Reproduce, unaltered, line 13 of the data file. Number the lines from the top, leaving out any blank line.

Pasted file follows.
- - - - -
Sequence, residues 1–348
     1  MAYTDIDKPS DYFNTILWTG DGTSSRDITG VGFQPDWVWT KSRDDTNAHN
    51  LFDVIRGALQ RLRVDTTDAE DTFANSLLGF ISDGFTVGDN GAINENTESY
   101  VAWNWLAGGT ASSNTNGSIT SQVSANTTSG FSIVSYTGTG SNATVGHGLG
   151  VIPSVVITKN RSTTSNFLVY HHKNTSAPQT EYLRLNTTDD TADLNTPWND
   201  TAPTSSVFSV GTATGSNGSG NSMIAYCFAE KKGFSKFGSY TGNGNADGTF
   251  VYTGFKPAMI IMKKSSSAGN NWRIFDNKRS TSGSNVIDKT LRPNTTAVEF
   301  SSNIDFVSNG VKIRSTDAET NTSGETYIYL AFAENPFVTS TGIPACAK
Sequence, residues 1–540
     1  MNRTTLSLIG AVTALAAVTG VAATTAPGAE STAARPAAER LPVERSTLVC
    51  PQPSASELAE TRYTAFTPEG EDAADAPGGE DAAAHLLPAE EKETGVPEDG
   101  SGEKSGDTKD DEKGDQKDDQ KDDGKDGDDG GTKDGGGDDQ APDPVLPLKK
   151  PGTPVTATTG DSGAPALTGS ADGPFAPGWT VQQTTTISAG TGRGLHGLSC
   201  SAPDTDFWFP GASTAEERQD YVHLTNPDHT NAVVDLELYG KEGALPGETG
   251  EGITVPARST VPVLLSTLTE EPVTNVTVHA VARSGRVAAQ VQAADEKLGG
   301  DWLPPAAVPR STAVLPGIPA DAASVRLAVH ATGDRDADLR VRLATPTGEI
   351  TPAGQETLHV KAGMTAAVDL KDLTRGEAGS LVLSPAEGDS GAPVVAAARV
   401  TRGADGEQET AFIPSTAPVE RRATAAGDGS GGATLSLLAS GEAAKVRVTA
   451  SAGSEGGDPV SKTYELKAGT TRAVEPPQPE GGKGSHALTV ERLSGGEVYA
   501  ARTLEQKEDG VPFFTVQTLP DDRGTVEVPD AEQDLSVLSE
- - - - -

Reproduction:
   151  PGTPVTATTG DSGAPALTGS ADGPFAPGWT VQQTTTISAG TGRGLHGLSC